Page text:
Sink to their level or be a mug?

(33 Posts)
Number42 Mon 20-Apr-15 10:05:49

Most weekday mornings my dd14 asks me for a cup of tea when I am making one for myself as she is sincerely convinced that she has no time to make one for herself. I don't mind that, but I do mind that she is a typical lazy slobbish teenager who never clears up and never does anything for anyone else in the family. So I am torn between which of two important lessons to teach:
a) When you do something nice for me, maybe I'll feel more like doing something for you but until then no I won't make the tea.
b) We should be nice to people without expectation of reward so yes I will.

FriendlyLadybird Mon 20-Apr-15 10:19:40

Don't you offer her one anyway when you are making one for yourself? The 'lesson' I would teach is that you always offer drinks to everyone in the room. If you do it, it means that she will (perhaps with the occasional prompt) make one for you when she's making for herself.

SecretSquirrels Mon 20-Apr-15 10:24:18

Always b)
Love is not a balance sheet. You setting a good example will be better for her in the end when she transforms back into a human being grows out of this stage.

Number42 Mon 20-Apr-15 12:49:52

I agree love is not a balance sheet. I am influenced by my family history in this though. My mum was definitely on the make the cup of tea side and I don't think I ever appreciated it or learnt any lesson from her generosity; whereas I'm hugely grateful that, when at the age of 16 I complained about her serving the same dishes over and over again, she suggested I learn to cook if I wanted more variety. And I did and it was really useful.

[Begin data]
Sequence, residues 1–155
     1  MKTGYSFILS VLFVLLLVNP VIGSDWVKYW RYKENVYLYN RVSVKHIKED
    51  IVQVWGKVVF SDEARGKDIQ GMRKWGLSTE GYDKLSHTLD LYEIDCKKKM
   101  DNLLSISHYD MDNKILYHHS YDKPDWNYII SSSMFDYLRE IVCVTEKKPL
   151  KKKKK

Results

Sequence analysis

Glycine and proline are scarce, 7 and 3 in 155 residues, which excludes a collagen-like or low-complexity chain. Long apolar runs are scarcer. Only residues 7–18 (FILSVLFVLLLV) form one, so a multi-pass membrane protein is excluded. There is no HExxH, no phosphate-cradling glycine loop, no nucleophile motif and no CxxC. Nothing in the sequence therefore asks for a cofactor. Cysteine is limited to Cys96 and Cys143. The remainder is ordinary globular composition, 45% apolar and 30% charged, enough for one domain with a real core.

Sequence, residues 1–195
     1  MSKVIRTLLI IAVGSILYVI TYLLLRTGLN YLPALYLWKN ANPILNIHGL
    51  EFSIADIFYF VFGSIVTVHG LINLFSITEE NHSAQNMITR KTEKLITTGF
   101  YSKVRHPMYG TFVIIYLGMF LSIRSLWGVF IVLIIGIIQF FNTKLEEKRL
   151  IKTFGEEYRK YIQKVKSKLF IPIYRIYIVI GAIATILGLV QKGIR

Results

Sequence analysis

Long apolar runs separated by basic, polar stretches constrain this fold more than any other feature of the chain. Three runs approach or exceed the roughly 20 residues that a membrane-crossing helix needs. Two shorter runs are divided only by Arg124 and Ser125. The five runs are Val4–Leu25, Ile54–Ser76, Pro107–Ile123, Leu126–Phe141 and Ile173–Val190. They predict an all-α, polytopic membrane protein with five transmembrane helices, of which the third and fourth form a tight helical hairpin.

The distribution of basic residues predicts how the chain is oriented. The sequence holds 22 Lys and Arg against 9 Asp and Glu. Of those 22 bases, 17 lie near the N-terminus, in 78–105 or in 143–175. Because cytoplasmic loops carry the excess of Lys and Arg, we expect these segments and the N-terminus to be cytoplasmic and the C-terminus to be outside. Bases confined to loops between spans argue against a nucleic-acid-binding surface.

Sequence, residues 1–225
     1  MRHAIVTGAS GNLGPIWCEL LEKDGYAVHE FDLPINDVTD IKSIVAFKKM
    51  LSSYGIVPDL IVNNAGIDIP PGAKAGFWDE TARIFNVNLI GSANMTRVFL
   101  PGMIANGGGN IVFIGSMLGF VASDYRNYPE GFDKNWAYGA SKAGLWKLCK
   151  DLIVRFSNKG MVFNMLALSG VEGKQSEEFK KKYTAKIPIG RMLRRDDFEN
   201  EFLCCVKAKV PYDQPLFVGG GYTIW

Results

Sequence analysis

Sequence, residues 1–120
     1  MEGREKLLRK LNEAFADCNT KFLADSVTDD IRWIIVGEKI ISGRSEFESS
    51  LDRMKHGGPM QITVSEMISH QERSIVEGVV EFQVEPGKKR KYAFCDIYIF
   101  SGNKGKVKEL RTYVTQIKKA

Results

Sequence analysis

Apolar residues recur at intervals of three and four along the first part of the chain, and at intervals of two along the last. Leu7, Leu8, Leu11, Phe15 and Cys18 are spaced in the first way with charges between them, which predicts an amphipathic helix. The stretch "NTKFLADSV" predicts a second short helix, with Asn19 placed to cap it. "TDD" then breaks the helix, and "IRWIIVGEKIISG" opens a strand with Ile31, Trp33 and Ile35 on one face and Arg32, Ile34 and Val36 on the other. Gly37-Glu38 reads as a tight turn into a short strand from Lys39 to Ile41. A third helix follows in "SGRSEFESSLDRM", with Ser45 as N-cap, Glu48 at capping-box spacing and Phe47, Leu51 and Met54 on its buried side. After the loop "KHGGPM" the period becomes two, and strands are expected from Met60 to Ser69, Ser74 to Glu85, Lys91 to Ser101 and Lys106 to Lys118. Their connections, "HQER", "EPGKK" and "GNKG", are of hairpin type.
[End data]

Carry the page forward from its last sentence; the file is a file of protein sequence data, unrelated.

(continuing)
BackforGood Mon 20-Apr-15 21:40:42

Sounds like a bit of fuss over nothing.
Habitually - wherever I am, not just at home - if I'm putting the kettle on I'd just ask around if anyone else wanted one. Doesn't everyone? confused

Tbf, none of my dc drink either tea or coffee, but they will all make me one if I ask, and are all trained to pop the kettle on and offer, if anyone calls round.

pilates Tue 21-Apr-15 05:44:26

B

clearsommespace Tue 21-Apr-15 06:22:29

In this example, B. But if it's a different kind of service perhaps insist that dc pull their weight first.

HSMMaCM Tue 21-Apr-15 06:26:07

Maybe you could do a deal where you make her a cuppa in the morning and she makes you one when she gets in from school?

Hakluyt Tue 21-Apr-15 06:27:02

"typical lazy slobbish teenager"

Lazy and slobbish is not typical for a teenager.

AlternativeTentacles Tue 21-Apr-15 06:27:59

But you have parented her to be a lazy slobbish teenager...surely if you wanted her to make you tea you would have taught her that from an earlier age?

Beloved72 Tue 21-Apr-15 08:43:03

Alternative - if one of your children is selfish and one is hard-working and helpful where does that leave you on the self blame front?

Georgethesecond Tue 21-Apr-15 08:45:44

Make the tea with a smile in the morning. See if she will make it so you can have a cuppa together in the afternoon. Teenagers aren't at their best first thing.